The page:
Robin Wilson Touts Benefits of Eco-Healthy Lifestyle
Black Enterprise Magazine September/October 2018 Issue

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Seemingly everywhere we look, “green” — of the environmental variety — is the new black. While it is trendy and uber-relevant in 2010, back in 2000 the term green only really referred to money, and not eco-friendly design. Enter entrepreneur Robin Wilson, who by 2000 had already built her company, Robin Wilson Home, on the principle of having her clients make choices about their environment that moved them closer to a positive state of well being.

Through the years her renovation, project management, and design firm has detoxified homes for cancer patients, sold eco-friendly home décor at –her online marketplace–and eco-renovated former President Bill Clinton’s office in Harlem.

So, it was no surprise that Robert F. Kennedy Jr. chose Wilson as the interior designer for his re-built LEED certified home in Mount Kisco, New York. After a flood, black mold grew in his 1920s clapboard home, causing his children to develop pneumonia, asthma, and allergies. He demolished the house because no matter how hard the family cleaned the mold always came back.

Wilson, who is in her late 30s, was empathetic to the family’s plight. As a young girl she had been hospitalized multiple times because of asthma. So, while designing for the Kennedys she wanted to reduce their home’s energy output and conserve water, but also eliminate substances that could trigger the family’s allergies. She incorporated renewable linens and textiles, recycled furniture and countertops, energy star appliances, sustainable bath fixtures, and from her own collection, non-toxic kitchen cabinetry by Robin Wilson Home.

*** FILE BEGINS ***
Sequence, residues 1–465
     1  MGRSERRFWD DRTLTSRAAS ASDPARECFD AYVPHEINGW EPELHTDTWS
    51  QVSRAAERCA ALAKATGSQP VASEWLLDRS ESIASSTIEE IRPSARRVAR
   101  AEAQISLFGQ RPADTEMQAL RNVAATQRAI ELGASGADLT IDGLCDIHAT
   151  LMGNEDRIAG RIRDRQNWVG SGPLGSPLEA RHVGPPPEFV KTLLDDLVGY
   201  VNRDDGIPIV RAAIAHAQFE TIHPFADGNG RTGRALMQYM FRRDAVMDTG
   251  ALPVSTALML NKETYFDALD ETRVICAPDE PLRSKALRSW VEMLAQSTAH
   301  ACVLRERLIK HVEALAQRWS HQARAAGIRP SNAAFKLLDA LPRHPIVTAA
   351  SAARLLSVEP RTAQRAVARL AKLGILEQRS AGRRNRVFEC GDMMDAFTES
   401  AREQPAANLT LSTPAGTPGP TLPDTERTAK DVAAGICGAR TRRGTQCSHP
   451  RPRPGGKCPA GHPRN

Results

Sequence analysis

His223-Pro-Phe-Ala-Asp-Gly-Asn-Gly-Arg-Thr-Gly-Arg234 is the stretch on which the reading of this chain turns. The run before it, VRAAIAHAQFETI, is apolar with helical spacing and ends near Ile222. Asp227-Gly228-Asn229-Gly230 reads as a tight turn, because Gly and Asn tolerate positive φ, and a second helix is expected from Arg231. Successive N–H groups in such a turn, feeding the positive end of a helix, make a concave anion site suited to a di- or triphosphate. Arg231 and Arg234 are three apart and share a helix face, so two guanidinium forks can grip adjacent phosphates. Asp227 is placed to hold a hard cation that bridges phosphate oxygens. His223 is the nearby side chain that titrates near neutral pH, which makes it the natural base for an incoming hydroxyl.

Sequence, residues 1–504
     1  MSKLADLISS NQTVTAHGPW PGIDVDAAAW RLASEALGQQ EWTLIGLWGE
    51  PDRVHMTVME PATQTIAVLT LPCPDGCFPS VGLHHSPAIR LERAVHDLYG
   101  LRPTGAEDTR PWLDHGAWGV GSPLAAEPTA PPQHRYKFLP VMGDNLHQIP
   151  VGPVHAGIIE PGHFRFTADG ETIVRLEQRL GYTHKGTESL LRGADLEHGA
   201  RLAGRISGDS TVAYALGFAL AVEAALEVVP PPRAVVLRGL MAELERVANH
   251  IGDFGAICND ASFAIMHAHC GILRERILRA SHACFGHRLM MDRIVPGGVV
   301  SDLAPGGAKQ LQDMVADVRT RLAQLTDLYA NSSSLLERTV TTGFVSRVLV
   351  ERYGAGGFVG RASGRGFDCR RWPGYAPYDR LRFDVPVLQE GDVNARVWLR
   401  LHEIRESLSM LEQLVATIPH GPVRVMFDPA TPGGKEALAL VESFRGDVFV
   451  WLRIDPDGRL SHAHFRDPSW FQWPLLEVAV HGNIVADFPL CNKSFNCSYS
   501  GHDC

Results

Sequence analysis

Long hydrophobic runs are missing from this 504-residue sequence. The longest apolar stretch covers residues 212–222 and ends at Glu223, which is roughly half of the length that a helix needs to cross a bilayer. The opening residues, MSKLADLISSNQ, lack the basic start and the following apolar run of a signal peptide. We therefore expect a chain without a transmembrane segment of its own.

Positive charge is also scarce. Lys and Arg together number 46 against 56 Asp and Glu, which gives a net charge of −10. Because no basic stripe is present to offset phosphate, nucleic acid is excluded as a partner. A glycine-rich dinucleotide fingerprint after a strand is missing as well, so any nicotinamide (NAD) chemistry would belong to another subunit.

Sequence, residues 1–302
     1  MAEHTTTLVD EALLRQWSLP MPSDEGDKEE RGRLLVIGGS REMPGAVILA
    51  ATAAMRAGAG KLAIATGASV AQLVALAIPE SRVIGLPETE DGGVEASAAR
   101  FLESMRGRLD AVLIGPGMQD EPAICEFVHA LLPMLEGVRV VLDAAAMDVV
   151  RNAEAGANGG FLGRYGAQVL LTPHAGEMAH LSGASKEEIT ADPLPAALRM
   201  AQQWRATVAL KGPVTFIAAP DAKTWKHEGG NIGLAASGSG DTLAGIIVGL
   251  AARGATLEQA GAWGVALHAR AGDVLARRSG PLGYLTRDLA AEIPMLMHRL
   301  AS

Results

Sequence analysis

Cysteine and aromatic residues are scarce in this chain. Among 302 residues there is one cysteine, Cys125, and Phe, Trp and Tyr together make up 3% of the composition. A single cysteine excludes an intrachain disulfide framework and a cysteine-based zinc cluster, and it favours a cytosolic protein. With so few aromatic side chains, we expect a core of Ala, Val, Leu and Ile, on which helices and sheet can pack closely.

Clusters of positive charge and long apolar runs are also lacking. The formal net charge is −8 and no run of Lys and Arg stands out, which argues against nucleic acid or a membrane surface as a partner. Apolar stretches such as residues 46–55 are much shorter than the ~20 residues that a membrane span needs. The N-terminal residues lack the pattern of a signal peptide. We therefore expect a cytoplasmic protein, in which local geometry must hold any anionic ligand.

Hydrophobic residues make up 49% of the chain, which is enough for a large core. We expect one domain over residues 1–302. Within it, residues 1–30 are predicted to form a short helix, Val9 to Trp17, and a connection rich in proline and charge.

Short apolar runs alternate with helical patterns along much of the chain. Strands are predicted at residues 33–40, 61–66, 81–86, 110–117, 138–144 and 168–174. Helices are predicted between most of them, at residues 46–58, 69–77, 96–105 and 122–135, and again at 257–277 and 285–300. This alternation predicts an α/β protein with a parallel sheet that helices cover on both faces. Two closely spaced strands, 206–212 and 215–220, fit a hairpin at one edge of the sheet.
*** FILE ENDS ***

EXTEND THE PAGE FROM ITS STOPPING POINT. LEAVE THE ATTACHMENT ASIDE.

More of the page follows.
Designing the Kennedy home was a welcome distraction because like most designers, the recession hit Wilson hard. She had to lay off an employee and move to a smaller showroom. Although she declines to say by how much her revenues fell in 2009, she credits her survival to a licensing agreement with Holiday Kitchens to sell Robin Wilson Home Kitchen Cabinetry through 500 dealers nationwide.

Wilson, the 2008 Black Enterprise Business Innovator of the Year, is also excited about two new endeavors: the May debut of her line of bamboo cotton towels at and the April publication of her first book “Kennedy Green House: Designing an Eco-Healthy Home from the Foundation to the Furniture,” (Greenleaf Book Group Press, $30) which chronicles the Kennedy home gut renovation and redesign.

Wilson sat down with Black Enterprise in her New York showroom to discuss the book, the benefits of eco-friendly interior design, and affordable ways to go green. How do you feel having worked with such a prestigious family like the Kennedys?

Robin Wilson: I am thrilled that the Kennedy family gave Robin Wilson Home an opportunity to showcase our platform and to educate consumers [that green design] from the foundation to the furniture can be beautiful. I’m excited…Bobby is an environmentalist with Water Keeper Alliance and Riverkeeper, [two organizations that advocate for clean water]. Now he is walking the walk and the talk in his own life.

You design homes and you also bring in the eco-friendly element. How did you get started in both of those areas and decide to make them one?